In the future, vaccination strategies that combine different techniques will be required to deal with the different challenges associated with oral vaccination. This combinatorial approach (Figure 1) entails the use of nano- or microparticles that protect vaccine antigens from the gastrointestinal environment and aid in their delivery to immune induction sites. The choice of particles would depend on the possibility to include potent adjuvants to surmount tolerogenic responses. A versatile system is needed that allows the incorporation of molecules with different physicochemical properties. These delivery systems could be functionalized with targeting ligands, such as antibody formats, to promote transcytosis across the epithelial barrier and at the same time enhance uptake by antigen-presenting cells and promote their maturation. The design of such a combination strategy might expedite the development and use of oral vaccines to promote animal and human health.

Author Contributions

Writing—original draft preparation, H.V.d.W.; Writing—review and editing, H.V.d.W. and B.D.; funding acquisition, B.D. and E.C. All authors have read and agreed to the published version of the manuscript.


This research was funded by a concerted research action (GOA) from Ghent University, grant number BOF15/GOA/031. Bert Devriendt holds a postdoctoral grant of the research Foundation Flanders (FWO-Vlaanderen).

Conflicts of Interest

The authors declare no conflict of interest.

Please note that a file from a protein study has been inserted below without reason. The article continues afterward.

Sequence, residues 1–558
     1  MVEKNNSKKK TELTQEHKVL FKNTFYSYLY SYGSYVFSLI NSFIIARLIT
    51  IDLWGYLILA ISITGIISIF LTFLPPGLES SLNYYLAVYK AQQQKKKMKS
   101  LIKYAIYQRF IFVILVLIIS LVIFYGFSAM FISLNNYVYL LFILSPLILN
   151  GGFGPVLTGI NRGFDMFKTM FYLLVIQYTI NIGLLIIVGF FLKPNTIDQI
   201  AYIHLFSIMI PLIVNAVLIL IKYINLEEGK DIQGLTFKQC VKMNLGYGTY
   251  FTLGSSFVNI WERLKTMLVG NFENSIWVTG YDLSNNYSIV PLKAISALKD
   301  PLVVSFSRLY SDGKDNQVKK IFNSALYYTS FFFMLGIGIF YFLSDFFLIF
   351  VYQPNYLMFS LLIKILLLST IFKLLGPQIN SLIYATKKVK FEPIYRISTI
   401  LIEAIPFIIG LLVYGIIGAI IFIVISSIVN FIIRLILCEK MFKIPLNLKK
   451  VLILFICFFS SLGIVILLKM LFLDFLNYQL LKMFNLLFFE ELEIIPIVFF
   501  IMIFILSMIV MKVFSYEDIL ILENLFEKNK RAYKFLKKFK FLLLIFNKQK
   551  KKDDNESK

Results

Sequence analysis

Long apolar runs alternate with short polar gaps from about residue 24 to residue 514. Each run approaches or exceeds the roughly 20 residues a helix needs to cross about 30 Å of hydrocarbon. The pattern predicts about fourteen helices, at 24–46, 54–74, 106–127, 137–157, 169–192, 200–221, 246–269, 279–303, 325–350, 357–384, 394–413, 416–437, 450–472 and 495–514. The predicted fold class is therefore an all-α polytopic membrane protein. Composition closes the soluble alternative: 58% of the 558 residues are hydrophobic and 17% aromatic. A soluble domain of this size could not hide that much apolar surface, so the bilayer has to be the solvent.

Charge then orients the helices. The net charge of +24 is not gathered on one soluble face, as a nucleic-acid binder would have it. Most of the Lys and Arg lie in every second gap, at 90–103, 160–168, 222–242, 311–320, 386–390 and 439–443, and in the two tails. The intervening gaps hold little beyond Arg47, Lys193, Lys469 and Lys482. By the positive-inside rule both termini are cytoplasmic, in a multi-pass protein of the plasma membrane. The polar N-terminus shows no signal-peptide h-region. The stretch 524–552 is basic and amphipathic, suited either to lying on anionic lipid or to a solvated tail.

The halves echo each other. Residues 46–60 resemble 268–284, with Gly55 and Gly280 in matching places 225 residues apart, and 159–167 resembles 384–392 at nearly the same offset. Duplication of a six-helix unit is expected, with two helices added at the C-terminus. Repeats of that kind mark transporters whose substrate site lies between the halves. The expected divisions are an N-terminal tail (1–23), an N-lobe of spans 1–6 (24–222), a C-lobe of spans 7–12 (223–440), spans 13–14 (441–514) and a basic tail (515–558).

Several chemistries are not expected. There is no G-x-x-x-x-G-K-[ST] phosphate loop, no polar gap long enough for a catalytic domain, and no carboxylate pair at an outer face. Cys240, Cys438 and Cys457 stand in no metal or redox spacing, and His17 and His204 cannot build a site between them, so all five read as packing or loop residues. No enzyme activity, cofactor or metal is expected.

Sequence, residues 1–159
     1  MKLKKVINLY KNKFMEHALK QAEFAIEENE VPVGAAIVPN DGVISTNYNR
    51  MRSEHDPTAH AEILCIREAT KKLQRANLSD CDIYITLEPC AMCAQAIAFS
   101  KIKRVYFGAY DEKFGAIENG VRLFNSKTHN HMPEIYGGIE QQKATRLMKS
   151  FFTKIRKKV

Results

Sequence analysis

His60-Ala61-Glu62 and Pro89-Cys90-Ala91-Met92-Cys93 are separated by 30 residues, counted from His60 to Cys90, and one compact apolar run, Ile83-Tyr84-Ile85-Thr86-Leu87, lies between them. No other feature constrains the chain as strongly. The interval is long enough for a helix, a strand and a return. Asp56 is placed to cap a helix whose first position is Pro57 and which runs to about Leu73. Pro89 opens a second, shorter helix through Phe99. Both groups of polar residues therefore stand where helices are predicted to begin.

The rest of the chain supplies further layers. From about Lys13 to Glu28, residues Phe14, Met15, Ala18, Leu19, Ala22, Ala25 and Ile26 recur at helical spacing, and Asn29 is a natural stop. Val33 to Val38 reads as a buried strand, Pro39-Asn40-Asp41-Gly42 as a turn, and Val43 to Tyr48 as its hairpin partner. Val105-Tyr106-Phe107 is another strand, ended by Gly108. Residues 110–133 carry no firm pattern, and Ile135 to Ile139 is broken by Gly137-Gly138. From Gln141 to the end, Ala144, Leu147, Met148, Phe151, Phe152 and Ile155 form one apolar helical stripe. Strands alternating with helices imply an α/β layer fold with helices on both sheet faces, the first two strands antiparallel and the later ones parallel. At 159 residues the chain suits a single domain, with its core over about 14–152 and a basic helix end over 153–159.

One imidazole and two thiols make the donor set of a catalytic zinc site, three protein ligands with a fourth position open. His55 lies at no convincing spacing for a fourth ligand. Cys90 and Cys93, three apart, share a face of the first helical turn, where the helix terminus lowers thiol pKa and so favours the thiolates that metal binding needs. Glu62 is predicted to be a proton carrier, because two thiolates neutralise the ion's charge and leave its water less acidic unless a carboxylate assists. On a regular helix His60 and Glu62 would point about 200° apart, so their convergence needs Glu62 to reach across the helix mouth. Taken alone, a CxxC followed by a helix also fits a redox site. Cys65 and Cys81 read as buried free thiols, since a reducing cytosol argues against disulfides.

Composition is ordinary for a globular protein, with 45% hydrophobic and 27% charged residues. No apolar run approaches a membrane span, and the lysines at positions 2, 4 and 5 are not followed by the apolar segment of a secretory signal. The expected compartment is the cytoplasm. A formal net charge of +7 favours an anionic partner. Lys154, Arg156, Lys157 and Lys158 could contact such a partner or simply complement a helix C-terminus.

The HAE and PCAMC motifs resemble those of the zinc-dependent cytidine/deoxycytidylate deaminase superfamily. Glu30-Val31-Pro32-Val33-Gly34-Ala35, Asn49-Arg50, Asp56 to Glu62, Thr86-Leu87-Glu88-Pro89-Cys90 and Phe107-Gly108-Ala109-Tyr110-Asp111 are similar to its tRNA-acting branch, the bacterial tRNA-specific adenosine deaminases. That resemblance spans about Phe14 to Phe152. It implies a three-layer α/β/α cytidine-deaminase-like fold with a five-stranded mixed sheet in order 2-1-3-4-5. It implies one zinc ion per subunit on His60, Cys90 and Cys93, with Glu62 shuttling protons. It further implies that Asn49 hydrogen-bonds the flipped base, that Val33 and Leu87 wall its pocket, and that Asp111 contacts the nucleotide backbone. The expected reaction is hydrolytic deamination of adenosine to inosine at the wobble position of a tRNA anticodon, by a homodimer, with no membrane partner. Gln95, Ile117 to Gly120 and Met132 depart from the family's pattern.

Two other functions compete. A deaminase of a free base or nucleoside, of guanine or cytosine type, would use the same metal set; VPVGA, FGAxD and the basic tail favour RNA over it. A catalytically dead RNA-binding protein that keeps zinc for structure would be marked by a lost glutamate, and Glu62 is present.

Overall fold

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Figure 1. Combinatorial approach for novel oral vaccines: Antigen and adjuvant-loaded, receptor-targeted nanoparticles protect the vaccine antigens from the harsh intestinal environment and mediate the targeted delivery of antigens towards specific intestinal cell populations, thus promoting the induction of mucosal immune responses (Created with
Figure 1. Combinatorial approach for novel oral vaccines: Antigen and adjuvant-loaded, receptor-targeted nanoparticles protect the vaccine antigens from the harsh intestinal environment and mediate the targeted delivery of antigens towards specific intestinal cell populations, thus promoting the induction of mucosal immune responses (Created with
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Table 1. Overview of different oral vaccination strategies studied for oral administration.
Table 1. Overview of different oral vaccination strategies studied for oral administration.
Oral adjuvants
Toxin derivatesdmLT [20,21,22,23], mmCT [24]
PRR ligandsβ-glucans [25,26], MPL [27], Flagellin [28,29], CpG [30,31]
NKT-ligandsα-galactosyl ceramide [32,33]
Delivery systems
Living delivery systemsRecombinant bacteria [34,35,36,37,38,39,40,41,42,43,44]